I have the utmost respect for the plaintiffs’ attorneys as they took a case and financed it all the way, but I believe they had a great case and would have won. I have been litigating cases involving the issue of employer-employee relationship in almost every forum in New York for the past 20 years and this is one of the most clear cut cases of employer employee relationship I have ever seen. So why settle, especially before the plaintiffs’ attorney even had the chance to make a motion for summary judgment asking the court to declare Uber's drivers to be employees as a matter of law? The answer is that the plaintiffs’ attorneys worked hard, paid money from their own pockets to litigate the case and they wanted to get paid.....and now they will....BUT the real issue of whether Uber's drivers are employees or independent contractors will remain unsettled.

What a shame for the drivers, because they really don't get anything here.....and what a shame for the legal profession because now it is just another case where the lawyers settle because money has that kind of effect on people. This degrades the legal profession....and kind of makes me ashamed to be a part of it. A lawyer is supposed to zealously represent the interests of their client (not their own interests). I apologize in advance to the attorneys for the drivers, but this case has turned into just another case for them to make money. It turns out that it was not about vindicating the rights of drivers. Each driver really did not have much to lose by continuing to litigate the case, but the plaintiffs’ attorneys had millions of dollars in legal fees to lose. This appears to be simply too much for them to risk. The drivers didn't have much to risk by continuing. This is a pathetic settlement that the drivers should reject as it is their case and they should demand more.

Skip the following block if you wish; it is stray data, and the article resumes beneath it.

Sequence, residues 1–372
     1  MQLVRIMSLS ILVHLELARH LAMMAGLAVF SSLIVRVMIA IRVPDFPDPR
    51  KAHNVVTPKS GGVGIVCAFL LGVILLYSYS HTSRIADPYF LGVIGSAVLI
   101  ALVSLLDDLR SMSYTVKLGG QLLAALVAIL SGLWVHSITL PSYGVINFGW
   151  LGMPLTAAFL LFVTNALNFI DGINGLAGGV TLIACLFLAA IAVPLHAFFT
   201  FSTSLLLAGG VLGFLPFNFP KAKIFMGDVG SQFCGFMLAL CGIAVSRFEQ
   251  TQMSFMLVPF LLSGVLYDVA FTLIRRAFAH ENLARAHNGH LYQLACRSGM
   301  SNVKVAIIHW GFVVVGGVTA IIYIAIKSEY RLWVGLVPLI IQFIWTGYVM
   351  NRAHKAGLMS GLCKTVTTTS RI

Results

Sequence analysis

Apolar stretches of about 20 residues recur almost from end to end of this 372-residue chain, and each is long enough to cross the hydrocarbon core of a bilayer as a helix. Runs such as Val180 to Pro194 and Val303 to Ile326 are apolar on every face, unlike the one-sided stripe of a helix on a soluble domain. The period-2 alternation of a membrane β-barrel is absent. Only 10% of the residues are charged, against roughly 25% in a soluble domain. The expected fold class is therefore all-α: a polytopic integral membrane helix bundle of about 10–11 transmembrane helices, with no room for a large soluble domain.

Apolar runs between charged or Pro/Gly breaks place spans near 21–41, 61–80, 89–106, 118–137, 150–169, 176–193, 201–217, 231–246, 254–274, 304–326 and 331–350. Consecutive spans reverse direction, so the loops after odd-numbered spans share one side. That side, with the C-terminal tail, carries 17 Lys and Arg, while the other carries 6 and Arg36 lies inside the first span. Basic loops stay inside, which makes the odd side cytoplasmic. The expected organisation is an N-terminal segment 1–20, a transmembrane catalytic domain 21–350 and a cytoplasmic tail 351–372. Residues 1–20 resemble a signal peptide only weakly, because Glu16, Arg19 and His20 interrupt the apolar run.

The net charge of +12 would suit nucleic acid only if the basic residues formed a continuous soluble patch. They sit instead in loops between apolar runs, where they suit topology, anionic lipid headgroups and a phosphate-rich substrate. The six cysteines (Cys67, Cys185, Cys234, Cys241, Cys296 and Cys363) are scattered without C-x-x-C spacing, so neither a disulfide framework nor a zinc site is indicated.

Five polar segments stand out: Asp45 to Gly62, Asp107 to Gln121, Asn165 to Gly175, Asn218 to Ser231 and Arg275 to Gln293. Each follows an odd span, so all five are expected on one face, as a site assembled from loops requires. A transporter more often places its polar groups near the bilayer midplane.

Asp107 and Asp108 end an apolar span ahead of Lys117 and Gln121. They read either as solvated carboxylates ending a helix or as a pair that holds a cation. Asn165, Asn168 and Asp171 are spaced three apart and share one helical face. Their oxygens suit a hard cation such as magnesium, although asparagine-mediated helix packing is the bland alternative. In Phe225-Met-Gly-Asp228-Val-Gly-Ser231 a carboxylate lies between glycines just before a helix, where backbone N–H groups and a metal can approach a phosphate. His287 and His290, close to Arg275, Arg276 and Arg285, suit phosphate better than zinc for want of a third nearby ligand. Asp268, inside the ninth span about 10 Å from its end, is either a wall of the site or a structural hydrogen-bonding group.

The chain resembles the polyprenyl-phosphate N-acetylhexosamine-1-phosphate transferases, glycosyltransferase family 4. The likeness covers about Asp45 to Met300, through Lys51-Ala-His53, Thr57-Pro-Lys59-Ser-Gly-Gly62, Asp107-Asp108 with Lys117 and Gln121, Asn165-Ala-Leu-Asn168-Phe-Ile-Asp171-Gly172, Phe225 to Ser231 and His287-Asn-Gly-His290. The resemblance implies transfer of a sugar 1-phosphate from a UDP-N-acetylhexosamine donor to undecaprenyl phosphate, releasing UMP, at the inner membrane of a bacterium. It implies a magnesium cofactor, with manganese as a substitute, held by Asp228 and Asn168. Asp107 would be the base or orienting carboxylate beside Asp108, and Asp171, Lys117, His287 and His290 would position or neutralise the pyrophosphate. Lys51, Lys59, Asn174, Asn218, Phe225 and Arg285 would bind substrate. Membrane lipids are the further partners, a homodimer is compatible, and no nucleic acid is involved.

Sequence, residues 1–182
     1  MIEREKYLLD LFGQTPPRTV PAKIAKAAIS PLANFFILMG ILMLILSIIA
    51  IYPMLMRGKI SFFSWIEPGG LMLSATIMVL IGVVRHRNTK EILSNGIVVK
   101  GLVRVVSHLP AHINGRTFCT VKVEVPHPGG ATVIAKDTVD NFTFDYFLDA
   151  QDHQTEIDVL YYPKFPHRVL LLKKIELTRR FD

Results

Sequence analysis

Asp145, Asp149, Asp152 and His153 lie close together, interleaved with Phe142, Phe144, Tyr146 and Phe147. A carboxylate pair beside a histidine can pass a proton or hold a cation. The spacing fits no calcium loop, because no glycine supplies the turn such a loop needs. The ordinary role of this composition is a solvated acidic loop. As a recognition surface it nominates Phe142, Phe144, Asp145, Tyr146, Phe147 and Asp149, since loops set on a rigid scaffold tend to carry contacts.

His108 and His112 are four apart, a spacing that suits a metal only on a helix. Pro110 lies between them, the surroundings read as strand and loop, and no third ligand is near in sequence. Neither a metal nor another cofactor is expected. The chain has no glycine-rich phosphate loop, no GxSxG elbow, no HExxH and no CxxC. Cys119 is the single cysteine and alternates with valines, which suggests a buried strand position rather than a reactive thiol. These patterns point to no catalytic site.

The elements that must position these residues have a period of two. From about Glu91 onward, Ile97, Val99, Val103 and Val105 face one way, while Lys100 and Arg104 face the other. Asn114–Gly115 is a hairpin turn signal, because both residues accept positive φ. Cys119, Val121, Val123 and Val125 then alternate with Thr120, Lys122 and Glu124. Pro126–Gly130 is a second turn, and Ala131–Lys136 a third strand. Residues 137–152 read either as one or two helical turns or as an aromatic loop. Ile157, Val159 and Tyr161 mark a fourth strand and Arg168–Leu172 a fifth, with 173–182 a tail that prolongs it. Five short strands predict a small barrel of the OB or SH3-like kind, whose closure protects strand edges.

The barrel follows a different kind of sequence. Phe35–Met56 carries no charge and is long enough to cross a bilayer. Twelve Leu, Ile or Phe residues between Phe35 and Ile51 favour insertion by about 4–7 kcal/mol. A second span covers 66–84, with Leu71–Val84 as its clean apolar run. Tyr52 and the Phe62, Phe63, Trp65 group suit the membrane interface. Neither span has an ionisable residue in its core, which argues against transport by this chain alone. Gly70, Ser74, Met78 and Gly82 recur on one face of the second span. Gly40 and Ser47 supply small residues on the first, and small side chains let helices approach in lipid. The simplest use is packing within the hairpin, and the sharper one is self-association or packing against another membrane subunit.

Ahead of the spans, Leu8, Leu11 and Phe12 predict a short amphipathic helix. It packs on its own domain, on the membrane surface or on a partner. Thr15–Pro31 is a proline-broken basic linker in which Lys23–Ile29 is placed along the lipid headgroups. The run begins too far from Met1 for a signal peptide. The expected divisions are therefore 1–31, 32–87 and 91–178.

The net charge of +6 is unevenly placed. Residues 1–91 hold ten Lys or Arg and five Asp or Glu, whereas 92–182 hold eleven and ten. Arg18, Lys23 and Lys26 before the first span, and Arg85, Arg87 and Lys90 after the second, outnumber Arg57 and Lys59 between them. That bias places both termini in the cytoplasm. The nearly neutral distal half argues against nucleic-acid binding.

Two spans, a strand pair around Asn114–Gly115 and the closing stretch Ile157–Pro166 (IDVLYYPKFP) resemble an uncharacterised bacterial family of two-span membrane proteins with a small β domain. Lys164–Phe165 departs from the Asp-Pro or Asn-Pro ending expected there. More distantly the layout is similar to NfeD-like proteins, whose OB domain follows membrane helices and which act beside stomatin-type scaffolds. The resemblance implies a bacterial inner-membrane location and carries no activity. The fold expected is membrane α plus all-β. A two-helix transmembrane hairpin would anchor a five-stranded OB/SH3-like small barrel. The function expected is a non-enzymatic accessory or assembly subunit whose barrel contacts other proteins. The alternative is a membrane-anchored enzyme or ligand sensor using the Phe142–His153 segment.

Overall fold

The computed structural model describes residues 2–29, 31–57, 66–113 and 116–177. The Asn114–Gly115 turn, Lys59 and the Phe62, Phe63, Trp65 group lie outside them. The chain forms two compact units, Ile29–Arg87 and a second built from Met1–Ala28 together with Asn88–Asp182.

Sometimes you have to take a risk and sometimes that risk means taking a case all the way and get a decision. Yes, it would have been a big gamble for the plaintiffs’ attorneys and they did a great job thus far, but I felt so strongly about this case that if asked, I would have worked with them for free. After 20 years of practicing law, I still believe in justice...and in this case, justice was not served. Uber continues to operate with impunity, their business model survives and the drivers go on as usual, getting treated like cattle, when in fact they are as close to an employee of Uber as any case could possibly expose. Again, Uber wins, the lawyers win and the drivers, who are the represented parties, get nothing in the long run.

In the meantime, U.S. District Judge Edward Chen may refuse to approve the settlement until it provides real benefits and lower legal fees. Everything Judge Chen has said up until this point seems to suggest that he was looking forward to a jury trial in this case. The plaintiffs in Uber's case were seeking $3.4 billion, a fairly ridiculous sum but one they thought they were owed. Judge Chen could decide that $100 million isn't enough compensation, or that the reforms Uber is promising more transparency, an ability for drivers to solicit tips and challenge deactivations through arbitration, recognition from Uber of quasi-union "driver associations" don't even scratch the surface.

Until a court decides whether Uber drivers are employees or independent contractors, the debate will not end. I guess a new set of plaintiffs in other states will have to hope for a lawyer that is willing to take the risk of taking this type of case to trial and consider more than their own self interests in being compensated for their efforts rather than the cause they were supposed to be seeking, which is justice. In this case, once again, Uber is the clear winner.